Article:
I applaud TV8 Mont Blanc for upholding that universal rule of bizarre Sunday morning TV, even in a supposedly sophisticated and chic country like France. Indeed, I was glued to the action! And it gets better:

Yes, that’s a judging panel. Just  like the prime time talent show The Voice, Top Accordéon has judges as well!

Don’t fret if you’re not in France: you can watch the most recent episode online. Yep, Top Accordéon has its own website, where you can check out photos from each fortnight’s show, buy accordion music CDs (including rainbow accordion man’s contribution), and even buy tickets to upcoming shows! They’re still advertising for last week’s gig, which was just around the corner from me in St-Pierre en Faucigny.  If only I’d known! I’m going to keep and eye out and go to the next one.

Now, to find a dancing partner…

I’m relieved to say that accordion shows aren’t typical French television, but I think most would agree it’s typical Sunday morning TV.

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Marching, Swiss style

Hello, and happy New Year! Apologies for the long break in posts (I was enjoying time with family and friends in Australia, but I’m now back in France, so let’s get cracking).

You have no doubt heard about the Women’s March that happened on 21 January 2017. When a friend mentioned it, I was happy to join her.

The closest march was in Geneva, and I was under-prepared. I had no pink hat, no sign and no idea about the march, but my American friend did. So, armed with comfortable shoes and not too many warm layers (marching would warm me up amply in the below-zero temperatures), I met her in Annecy along with two French men, and we drove to Geneva.

Before the march, we listened to inspiring speeches and songs. Amusing and powerful signs were everywhere — even on dogs.

My feet were freezing and I regretted my choice of shoe, but they would thaw during the march, right? “How long is the march?” I asked my friend. “It’s only 700 metres,” she said. Seven. Hundred. Metres. This must have been the shorted march ever organised! I started marching on the spot as the organiser explained how the march would work; this was, of course, Switzerland, where rules are made to be kept and embraced. To ensure the march was a success, we were asked to respect the police, avoid walking on the road, and acknowledge that we’d be released in groups to cross the bridge. Given the bridge was about half of the walk, it was probably an important announcement.

Our French friends were dumbfounded. One said: “If this were Paris, we’d be taking over the entire bridge and climbing up the lamps”. The other one remarked that respecting the police wouldn’t be high on the agenda. I was relieved we weren’t in France.

As we approached the bridge with feet warming up, the march slowed down. A group started chanting “This is what democracy looks like” over and over again. We were swaying in time to their chant and started mouthing the words with them. This is what democracy looks like, and we felt it.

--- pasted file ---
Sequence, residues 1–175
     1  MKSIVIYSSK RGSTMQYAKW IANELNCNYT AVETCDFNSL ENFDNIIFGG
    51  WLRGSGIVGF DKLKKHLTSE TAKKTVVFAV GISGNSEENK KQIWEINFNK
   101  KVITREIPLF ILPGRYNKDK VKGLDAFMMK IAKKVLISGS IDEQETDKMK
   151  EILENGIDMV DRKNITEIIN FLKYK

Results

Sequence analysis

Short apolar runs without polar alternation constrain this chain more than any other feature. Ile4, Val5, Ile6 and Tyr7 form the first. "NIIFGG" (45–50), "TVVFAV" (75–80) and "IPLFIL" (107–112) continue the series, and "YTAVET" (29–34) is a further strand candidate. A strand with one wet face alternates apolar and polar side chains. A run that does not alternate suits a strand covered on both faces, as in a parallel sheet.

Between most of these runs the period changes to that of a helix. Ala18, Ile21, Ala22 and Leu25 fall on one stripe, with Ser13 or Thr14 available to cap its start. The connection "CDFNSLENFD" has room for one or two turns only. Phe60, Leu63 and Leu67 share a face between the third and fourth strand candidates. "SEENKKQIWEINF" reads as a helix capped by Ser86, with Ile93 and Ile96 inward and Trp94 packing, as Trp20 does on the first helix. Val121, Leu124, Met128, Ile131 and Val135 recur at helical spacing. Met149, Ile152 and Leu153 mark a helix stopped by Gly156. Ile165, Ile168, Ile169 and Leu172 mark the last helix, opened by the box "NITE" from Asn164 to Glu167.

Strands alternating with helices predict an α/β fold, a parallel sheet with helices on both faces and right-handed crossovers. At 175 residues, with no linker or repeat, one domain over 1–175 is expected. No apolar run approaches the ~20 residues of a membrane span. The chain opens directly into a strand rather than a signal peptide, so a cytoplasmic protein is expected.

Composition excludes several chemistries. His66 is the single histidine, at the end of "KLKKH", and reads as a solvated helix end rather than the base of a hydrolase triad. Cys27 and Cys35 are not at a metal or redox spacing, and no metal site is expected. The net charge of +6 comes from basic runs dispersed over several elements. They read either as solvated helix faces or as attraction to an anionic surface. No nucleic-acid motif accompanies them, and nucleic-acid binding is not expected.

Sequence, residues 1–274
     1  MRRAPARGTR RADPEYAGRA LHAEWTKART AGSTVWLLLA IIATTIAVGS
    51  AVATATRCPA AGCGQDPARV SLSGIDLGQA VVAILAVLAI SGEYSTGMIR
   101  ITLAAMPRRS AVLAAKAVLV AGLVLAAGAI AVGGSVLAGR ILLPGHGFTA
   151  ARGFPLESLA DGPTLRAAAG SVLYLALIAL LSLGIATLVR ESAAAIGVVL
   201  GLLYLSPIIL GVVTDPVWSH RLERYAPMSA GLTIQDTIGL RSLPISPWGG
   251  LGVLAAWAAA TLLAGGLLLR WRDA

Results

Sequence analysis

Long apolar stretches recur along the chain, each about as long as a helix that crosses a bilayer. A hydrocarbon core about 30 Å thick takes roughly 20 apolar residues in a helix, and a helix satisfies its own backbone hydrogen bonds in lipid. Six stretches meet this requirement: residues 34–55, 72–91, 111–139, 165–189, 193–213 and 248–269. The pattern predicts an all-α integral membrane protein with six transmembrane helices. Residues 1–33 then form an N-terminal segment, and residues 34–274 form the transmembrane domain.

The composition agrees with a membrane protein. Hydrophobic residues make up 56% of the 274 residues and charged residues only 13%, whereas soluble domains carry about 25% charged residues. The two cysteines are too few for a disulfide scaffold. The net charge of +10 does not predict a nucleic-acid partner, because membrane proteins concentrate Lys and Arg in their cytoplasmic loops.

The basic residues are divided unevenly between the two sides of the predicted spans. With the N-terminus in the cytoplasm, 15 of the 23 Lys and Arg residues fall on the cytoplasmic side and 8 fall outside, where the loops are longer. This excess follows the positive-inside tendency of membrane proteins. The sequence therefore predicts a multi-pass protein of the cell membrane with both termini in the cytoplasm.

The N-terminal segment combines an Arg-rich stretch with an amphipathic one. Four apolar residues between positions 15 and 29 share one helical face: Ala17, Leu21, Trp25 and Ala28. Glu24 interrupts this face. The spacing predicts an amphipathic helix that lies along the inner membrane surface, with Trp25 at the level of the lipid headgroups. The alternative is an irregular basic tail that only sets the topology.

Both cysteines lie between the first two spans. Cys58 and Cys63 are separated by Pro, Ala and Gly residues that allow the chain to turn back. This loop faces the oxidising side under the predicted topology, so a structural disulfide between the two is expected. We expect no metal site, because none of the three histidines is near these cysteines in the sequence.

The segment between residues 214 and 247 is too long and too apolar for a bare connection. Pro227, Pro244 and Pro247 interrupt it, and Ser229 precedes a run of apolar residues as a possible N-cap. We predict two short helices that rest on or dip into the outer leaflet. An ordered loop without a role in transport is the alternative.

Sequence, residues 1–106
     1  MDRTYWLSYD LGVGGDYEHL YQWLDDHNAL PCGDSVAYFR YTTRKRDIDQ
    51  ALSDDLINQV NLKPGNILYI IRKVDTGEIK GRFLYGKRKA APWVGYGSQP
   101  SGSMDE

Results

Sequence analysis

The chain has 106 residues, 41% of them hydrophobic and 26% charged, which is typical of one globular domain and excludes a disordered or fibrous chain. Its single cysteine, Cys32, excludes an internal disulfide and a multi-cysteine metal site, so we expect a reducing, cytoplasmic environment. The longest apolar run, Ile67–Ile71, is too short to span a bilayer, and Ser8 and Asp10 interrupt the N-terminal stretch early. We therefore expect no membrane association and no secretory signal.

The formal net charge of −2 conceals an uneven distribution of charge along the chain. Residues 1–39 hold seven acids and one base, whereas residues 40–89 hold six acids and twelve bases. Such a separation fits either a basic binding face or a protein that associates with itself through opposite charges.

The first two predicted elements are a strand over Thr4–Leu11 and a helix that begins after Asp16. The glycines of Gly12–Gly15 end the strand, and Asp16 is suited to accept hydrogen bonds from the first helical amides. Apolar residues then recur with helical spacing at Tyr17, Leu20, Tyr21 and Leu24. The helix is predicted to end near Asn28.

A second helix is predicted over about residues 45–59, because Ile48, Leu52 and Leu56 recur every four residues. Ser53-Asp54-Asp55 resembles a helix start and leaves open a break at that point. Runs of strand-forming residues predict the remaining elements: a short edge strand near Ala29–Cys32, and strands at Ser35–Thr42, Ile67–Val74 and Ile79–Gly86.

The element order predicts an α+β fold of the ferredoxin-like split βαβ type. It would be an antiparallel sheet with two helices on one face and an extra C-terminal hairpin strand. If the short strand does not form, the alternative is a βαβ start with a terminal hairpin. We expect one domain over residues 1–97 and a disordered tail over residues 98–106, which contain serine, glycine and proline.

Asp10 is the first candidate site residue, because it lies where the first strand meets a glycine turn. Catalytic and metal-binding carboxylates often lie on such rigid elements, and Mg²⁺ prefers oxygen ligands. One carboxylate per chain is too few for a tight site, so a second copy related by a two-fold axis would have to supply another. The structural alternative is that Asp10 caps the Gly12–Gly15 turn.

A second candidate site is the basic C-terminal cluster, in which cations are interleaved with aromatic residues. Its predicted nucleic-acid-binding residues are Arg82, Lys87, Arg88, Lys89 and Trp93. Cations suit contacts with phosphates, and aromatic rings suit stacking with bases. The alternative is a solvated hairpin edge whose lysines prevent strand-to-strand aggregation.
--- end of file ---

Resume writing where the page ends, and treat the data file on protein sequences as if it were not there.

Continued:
And then, a steward said: “Next fifty onto the bridge” and we obediently walked on, without question or chanting, staying on the footpath at all times with banks and shops like Dior all around. This is what Swiss democracy looks like.

Addendum: Jokes aside, I’m proud to be one of the estimated 3,000 who attended the march in Geneva, and I will stand up for women’s rights in whatever country I live in.


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Keep your dog

French language tranlsation to EnglishOn a recent walk, this sign was kindly translated into German and English.

The French actually says “Keep your dog on a leash”. As long as English speakers keep their dogs, they’re alright on or off the leash, presumably.

In one of the many countries renowned for turfing pets before school holidays (the lucky ones are dropped off to the SPA – the local animal shelters in France), I’m wondering if the French text shouldn’t be cut down too!


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The joy of the lunch voucher (chèque déjeuner)

French lunch cheque information

At a job interview, I asked about employee benefits. “Optional health insurance, flexibility, etc. etc. Oh and restaurant vouchers.”

Having never been employed by a French business before, this benefit was a new one for me. I’d seen people handing over vouchers in the past, but never really known anything about them. After the job interview, I laughed them off as a token voucher system that businesses only have to supply if they don’t provide onsite lunch options.

French lunch cheque informationWhen I received my first voucher book, I started to understand their value. Some 22 vouchers landed on my lap in a book resembling a cheque book. Each is worth 7€, and they can be used at most restaurants and supermarkets (normally just one or two per meal/purchase). Although you won’t get change if you spend less than 7€, you can split a meal between cheque and real money.

Basically, I’m now walking around with 154€ tax-free in my handbag each month. The novelty lasted a month. I felt totally French, asking if an establishment would accept a chèque Déjeuner and then ripping off the little piece of paper and handing it over.